March 18, 2019
Central laboratories need to be viewed as partners in clinical trials, not simply as vendors doing routine safety work, says a veteran laboratory auditor.
“If the central laboratory understands the objectives and has the opportunity to suggest the best possible means to meet the objectives, the success rate of the study goes up. You need to have a very interactive central laboratory,” says Michelle Sceppa, founder and principal of MSceppa Consulting.
But it has to be the right lab for the trial. It’s crucial to qualify a central lab before the start of a clinical study, Sceppa says.
A qualifying audit of a central lab is somewhat different from a qualifying audit of a more traditional vendor. For one thing, the lab is subject to different regulatory, including requirements from the College of American Pathologists (CAP) and the Clinical Laboratory Improvement Amendments (CLIA) maintained by the Centers for Medicare and Medicaid Services. The CAP and CLIA rules require a laboratory to show proficiency in the various types of testing they perform.
Sceppa advises having a laboratory qualifying audit performed by an auditor with specific experience with labs, whether that’s an in-house expert or someone brought on specifically for the task.
In many cases, a lab company may have a plethora of locations, particularly as the industry has consolidated. These locations may be in the U.S. and abroad. It can be tricky, Sceppa says, to know which or how many of these locations should be evaluated. But she suggests auditors visit a lab company’s central, global offices, rather than trying to audit multiple satellite locations. She uses the example of Covance Laboratories, which has a central U.S. location in Indianapolis and a central European office in Switzerland. For a global clinical study, it would be sufficient to visit these two headquarters, rather than trying to track down the specific satellite offices that may be handling testing for the various clinical sites.
However, Sceppa says it is a good practice to inquire about the specifics of how testing samples are tracked between locations and what their chain of custody looks like. “What do they do if there’s a problem with the sample transport? How do they escalate? How do they investigate? What’s their CAPA resolution?” These are all questions that the staff at a lab company’s central office should be able to answer satisfactorily.
Another key question to ask in a laboratory audit is whether the lab has the capacity and experience to fulfill the contract. “The first thing you want to look at is how many samples come in, how they can open those samples, get those samples to the laboratory and get that work done promptly,” Sceppa says. “A lot of times, those [data] are important to look at before you can enroll a patient in the study, so most people are looking for a 24- or 48-hour turnaround on laboratory data.”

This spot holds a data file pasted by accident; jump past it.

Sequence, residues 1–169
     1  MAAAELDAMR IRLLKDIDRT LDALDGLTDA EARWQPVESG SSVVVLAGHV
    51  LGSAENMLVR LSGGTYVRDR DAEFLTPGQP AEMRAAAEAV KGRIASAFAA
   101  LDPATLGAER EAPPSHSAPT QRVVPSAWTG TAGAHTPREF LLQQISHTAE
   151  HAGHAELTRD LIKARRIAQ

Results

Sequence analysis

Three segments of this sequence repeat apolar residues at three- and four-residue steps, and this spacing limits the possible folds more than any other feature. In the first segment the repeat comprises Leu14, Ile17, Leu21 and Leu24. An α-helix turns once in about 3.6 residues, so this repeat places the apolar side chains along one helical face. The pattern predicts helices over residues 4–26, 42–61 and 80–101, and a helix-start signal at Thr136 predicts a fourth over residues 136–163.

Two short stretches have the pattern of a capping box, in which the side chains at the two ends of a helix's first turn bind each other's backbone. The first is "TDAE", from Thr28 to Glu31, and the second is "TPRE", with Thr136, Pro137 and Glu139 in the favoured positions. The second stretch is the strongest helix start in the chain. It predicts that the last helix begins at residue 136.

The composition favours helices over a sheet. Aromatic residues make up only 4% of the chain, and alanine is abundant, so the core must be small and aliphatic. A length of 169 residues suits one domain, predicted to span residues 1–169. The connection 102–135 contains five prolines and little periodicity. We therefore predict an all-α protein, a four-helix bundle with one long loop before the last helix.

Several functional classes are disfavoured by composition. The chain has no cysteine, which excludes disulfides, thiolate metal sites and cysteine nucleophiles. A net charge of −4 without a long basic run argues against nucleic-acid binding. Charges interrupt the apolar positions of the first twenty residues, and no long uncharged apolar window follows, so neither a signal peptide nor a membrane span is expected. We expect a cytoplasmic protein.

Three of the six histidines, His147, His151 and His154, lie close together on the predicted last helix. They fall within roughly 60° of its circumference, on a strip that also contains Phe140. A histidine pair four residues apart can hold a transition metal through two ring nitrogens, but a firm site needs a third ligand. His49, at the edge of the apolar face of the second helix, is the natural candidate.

It’s also important to ask how the laboratory provides the results to the clinical site and sponsor, she says. How do hard copy records compare to electronic records? How is the electronic transfer done? How does the lab verify that transfer is done appropriately. “You have to look at that validation because [the data] is going from one system to another system.” The laboratory’s computer system must be in compliance with the FDA’s electronic systems rules at 21 CFR Part 11.
Other important questions to ask include:
- What number and type of clinical studies (including the number of sponsors) are handled by the laboratory at any one time?
- Are there any affiliations and/or contracts with third parties performing tasks on behalf of the laboratory, e.g., kit assembly, courier service, data management, service contractors for lab equipment and computer system validation;
- Is the facility and staff size adequate to perform the required testing?
- Is the lab/staff experienced in any special tests the trial may require?
- Are there other departments (pharmacy, cytology, etc.) at the site to assist in the study if required?
Sceppa says she usually allots a day and a half for the audit, including reviewing procedures and documentation, and touring the facility. “The tour will take me, depending on the laboratory, maybe two to three hours, maybe four at max.” And she always tours, even when it’s a laboratory she’s evaluated before. “There’s always something new for me to look at and new for me to see, so I never say, ‘Oh, I’ve been here before. I’m not going to tour.’ I always tour again.”
“A lot of times when I go back to the same places, I want to see if the same people are working there,” she says. “I look for that continuity in staff because I always think that’s really important no matter who you’re auditing.“
-By Leslie Ramsey